March 10, 2014

Malaysia's two Scorpenes - delivered 2009

Malaysia's first submarine, KD Tunku Abdul Rahman, docks in Port Klang outside Kuala Lumpur, Malaysia, Thursday, September 3, 2009.

Malaysia has a modest submarine force consisting of two Scorpenes: KD Tunku Abdul Rahmancommissioned in January 2009 and KD Tun Abdul Razak, commissioned in December 2009. Malaysia occasionally has low level naval confrontations with the Indonesia Navy over territorial boundaries and seabed oil rights (see my post about latest Ambalat flare up). Malaysia would also be sensitive about Singapore's growing submarine fleet (including Singapore's order in late 2013 of 2 HDW 218SGs). Malaysia is also in competition with countries in the northwest Pacific for resources in the South China Sea. To meet competition from Indonesia Malaysia's two Scorpenes are based at Sepanggar, Sabah. 

Scorpenes, like Australia's Collins, are attack submarines, with no capability to search for or recover crashed aircraft. Unlike most countries in the region Singapore has a highly specialised Submarines Support and Rescue Vessel (SSRV) the MV Swift RescueSSRVs are very expensive and rarely used - which explains why so few small to medium size navies have them. 


Agency France Press (AFP) reported
September 3, 2009:

"PORT KLANG, Malaysia — Malaysia's first ever submarine was delivered Thursday to colourful fanfare and a royal visitor, in an acquisition that the government said "completes" the country's navy.

The European-made Scorpene submarine [with 32 crew] is the first of two commissioned from French contractor DCNS and Spain's Navantia for a combined total of 3.4 billion ringgit (961 million US dollars). The second submarine is scheduled for delivery in late 2009.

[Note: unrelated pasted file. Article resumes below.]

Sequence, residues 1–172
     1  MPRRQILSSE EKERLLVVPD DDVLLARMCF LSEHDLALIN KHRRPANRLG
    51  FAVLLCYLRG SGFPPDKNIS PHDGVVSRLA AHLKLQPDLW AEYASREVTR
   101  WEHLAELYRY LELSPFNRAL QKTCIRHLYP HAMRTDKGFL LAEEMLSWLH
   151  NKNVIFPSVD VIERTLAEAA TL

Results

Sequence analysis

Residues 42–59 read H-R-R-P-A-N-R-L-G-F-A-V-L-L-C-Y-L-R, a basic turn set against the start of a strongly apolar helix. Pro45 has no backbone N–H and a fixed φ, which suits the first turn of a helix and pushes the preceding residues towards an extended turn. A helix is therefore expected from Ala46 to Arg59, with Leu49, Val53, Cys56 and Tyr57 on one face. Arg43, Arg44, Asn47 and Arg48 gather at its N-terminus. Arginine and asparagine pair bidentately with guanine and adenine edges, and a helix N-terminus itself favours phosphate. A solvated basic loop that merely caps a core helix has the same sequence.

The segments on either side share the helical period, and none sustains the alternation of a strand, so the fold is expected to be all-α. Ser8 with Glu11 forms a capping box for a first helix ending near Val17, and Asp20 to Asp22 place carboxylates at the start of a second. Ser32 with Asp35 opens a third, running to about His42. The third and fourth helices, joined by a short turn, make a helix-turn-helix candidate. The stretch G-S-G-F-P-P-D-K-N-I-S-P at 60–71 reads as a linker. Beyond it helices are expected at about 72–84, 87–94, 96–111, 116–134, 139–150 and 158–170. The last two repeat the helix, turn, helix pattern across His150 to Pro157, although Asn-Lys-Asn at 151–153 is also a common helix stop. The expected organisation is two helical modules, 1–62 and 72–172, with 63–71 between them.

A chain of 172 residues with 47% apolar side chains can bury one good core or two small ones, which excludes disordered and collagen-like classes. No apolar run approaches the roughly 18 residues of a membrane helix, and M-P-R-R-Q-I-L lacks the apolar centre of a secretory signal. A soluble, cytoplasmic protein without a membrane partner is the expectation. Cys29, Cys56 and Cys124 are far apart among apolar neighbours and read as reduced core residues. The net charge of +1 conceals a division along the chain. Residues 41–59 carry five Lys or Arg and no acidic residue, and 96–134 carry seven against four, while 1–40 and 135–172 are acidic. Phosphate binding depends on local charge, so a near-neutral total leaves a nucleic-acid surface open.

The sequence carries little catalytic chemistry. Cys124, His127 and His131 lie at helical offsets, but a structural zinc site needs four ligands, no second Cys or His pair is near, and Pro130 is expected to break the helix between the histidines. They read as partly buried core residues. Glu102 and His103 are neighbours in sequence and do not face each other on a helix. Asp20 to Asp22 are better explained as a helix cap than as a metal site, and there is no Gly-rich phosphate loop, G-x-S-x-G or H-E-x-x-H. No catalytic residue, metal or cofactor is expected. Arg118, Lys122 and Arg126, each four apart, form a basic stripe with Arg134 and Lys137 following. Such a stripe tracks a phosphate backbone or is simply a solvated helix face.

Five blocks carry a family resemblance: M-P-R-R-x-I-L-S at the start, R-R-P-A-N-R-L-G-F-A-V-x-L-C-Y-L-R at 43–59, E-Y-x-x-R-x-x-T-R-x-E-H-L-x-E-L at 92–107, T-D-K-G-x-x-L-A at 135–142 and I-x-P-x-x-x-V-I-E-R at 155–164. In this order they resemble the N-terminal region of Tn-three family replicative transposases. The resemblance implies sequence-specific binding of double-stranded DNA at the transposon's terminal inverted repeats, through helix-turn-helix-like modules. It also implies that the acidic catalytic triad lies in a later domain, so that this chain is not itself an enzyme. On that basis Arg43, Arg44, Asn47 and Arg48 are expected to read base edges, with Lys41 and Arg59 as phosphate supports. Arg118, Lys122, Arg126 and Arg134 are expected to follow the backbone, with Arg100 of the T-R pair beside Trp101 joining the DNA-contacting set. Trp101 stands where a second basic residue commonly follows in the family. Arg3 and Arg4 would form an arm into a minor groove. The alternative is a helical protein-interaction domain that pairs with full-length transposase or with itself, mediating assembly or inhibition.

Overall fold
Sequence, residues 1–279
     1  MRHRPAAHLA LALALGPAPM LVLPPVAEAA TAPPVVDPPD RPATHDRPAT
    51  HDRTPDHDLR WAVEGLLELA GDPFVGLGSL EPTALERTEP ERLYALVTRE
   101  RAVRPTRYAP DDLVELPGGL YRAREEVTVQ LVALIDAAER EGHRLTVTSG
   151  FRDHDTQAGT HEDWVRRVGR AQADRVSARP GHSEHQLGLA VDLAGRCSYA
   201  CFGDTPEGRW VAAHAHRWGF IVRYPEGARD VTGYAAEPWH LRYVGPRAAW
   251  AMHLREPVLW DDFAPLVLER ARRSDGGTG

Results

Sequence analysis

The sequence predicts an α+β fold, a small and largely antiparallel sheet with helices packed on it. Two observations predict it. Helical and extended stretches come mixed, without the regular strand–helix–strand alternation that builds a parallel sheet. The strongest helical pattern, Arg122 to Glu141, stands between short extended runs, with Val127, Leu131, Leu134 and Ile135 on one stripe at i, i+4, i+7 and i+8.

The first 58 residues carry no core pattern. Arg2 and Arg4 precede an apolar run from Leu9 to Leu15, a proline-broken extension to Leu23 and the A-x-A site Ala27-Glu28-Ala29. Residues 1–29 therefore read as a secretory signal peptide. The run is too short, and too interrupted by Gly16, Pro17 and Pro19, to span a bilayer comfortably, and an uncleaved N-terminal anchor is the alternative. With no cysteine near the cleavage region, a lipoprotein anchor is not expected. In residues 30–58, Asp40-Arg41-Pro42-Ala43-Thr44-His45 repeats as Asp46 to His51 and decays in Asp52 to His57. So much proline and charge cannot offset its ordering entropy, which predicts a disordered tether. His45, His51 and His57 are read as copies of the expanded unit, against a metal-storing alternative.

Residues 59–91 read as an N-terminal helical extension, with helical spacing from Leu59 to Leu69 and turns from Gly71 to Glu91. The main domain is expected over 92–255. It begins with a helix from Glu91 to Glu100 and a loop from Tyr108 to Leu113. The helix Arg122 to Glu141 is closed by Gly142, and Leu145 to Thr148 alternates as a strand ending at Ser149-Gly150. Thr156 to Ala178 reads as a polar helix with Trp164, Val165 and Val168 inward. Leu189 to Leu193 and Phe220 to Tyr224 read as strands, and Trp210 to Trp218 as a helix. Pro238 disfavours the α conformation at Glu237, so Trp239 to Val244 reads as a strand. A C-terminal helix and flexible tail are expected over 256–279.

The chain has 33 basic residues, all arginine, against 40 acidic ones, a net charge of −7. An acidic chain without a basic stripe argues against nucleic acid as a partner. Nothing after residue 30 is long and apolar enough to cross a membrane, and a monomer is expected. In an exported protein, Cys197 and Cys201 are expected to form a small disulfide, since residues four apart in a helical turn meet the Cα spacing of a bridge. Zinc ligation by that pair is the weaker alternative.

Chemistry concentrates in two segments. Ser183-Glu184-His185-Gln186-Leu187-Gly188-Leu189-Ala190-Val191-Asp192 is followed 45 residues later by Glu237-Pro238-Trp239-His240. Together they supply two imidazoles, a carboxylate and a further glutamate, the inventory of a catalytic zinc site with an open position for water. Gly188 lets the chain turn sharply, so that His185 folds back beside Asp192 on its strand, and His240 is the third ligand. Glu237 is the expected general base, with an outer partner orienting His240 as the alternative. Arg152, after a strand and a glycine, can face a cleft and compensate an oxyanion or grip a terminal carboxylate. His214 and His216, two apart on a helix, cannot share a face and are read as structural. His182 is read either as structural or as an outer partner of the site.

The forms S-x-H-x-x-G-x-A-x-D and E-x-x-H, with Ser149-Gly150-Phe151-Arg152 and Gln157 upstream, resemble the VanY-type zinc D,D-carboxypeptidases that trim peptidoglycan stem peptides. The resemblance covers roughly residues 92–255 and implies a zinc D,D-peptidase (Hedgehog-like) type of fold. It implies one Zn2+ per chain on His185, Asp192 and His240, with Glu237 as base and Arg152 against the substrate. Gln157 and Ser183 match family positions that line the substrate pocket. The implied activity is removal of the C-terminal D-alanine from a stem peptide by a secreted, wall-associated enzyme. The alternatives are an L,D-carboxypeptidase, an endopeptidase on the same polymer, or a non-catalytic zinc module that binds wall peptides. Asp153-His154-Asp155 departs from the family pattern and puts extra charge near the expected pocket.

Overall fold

"With the arrival of the first submarine, our navy is now complete as it has an air component, a sea component and now a submarine component," Defence Minister Ahmad Zahid Hamidi told reporters.

The KD Tunku Abdul Rahman, named after the nation's first prime minister, sailed into a grand reception at the navy's deepwater Pulau Indah base in Port Klang, an hour's drive from the capital Kuala Lumpur...

Malaysian King Tuanku Mizan Zainal Abidin was given a tour of the submarine, which set sail 54 days ago from the French port of Toulon, where the vessel was built. [journey included 32 days submerged, 12 days surfaced and 10 days of docking at ports].

Naval officials said the submarine would be based in Sabah state, on Borneo island, where it will undergo fine-tuning before it is deployed in search and rescue and military exercises.

The two submarines have long attracted controversy since the deal was signed in 2002.

Malaysia's opposition claims that a 540-million-ringgit commission was paid to a close associate of now-Premier Najib Razak in brokering the deal..."